Tuesday, March 4, 2014

Tuesday, March 4th, 2014

Welcome to Creative Writing!  J
Tuesday, March 4th, 2014
Ø Sign in, please.
Ø Get your “Making Titles…” worksheet.
Ø Get your manila folder.

Focus for the Last Fourteen Days
1.      Showing, Not Just Telling
2.     Revision
3.     Writing Buddies—this Friday and next Friday
4.     Portfolio

Writing Lesson:  Show, Don’t Just Tell
1.      Difference between “literal” and “figurative language” (p. 32)
2.     Least Vivid to Most Vivid (p. 32 )
3.     Diction Sandra Cisneros (p. 32)
4.     Vocabulary Variety—reminder

Writing Lesson:  Show, Don’t Just Tell—How to Create Imagery
1.      Imagery (Emily Bronte)—(p. 33)
2.     Work on this with me now.
3.     Make additions as needed when we discuss it as a class.

Writing Assignment:  Sense Poem Pre-Write
1.      Think of a place you love to be. 
2.   Fill out the Visualizing Worksheet, listing twenty concrete details.
3.   Number them.
4.   Use your Vocab Variety sheet for help with strong diction.
5.   Put your name on the line, and turn the sheet in by the monkey when you finish.

Diction Practice (started 2:40-ish )
Ø  Free Rice until I stop you!  J                 (25,000 for Friday)

Ø  Get your Musical Memory paper copy out of your folder.  This should be the MOST CURRENT draft of this piece you have.

Peer Conference:  Musical Memory
1.      Let’s go over the procedure  (handout; big screen).

When You Finish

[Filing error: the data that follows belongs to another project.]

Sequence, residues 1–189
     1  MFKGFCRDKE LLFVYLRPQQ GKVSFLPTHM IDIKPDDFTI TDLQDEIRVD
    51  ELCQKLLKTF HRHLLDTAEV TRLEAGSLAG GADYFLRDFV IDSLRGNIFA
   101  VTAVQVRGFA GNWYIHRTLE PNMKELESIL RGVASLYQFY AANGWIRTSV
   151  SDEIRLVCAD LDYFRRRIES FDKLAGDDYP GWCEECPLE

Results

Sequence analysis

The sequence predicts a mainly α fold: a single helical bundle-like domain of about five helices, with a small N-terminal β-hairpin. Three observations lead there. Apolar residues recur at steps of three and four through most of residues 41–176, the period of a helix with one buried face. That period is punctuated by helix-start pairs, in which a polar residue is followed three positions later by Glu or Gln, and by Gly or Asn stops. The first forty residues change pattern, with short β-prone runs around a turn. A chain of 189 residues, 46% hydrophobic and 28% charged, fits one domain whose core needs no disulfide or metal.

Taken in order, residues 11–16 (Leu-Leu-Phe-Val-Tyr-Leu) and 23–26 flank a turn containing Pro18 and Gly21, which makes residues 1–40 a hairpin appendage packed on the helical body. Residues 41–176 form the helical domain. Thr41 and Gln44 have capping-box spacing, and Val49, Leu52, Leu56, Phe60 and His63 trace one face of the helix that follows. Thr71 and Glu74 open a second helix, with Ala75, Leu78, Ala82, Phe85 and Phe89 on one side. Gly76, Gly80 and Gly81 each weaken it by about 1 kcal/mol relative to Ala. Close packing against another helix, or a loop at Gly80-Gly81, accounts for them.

Ø  Start writing your Ogden Nash poems—woo-hoo!
Ø  Here are models created last year:

Writing Assignment:  Ogden Nash Poems (p. 60)
Writing Assignment:  Ogden Nash Poems
1.      Yesterday we read these poems, and we talked about why these would appeal to kiddos.
2.     Reminder:  We will read these aloud to our third-grade writing buddies on Friday.
3.     Create a doc in the class folder, “Ogden Nash Poems”, and call it “Your Last Name—Ogden Nash Poems”.
4.     Write three Ogden Nash Poems of your own, with these elements in each:
a.     Humor
b.    Animals or other topics children like
c.     Word-play
d.    Rhyme:  www.rhymezone.com
e.     Listen to the rhythm (number of syllables in each line).  Do you need to substitute any words so the flow is better?
f.      Is every word a strong one?  Use your Vocab Variety and thesaurus.com for help.
g.    length = two to eight lines for each poem
h.    a title that adds a dimension to the poem

End of the Block
1.   Is you Musical Memory in the google folder by your last name?

2.  Is your manila folder in the correct folder holder?

Turbo-Advanced Creative Writing
Happy Tuesday!

Ø Grab a green packet and a white sheet, please.


Big Questions
1.      What is a short story? 
2.     What are the elements a short story (or a novel) should have?

Diving In
1.      Get the short story packet.
2.     Talk about STYLE!  (pages 58-9)
3.     Partner up to read and discuss “Point of View” (pages 62-3)—started 11:45; ending as soon as people wind down
4.     Consider Dan Harmon’s Story Circles (page 64)
5.     Get a short story proposal (storyboard on the back, which you can use to start sketching out your plot).

Quiet, Independent Writing Workshop—Move if you think you’ll be chatty.  Silence is supreme today.
1.      Complete short story proposal--due Thursday (no work time tomorrow though)
2.     Start typing story, any part of it—two pages due Thursday (no work time tomorrow though)
Cruise pinterest board for most recent fiction posts

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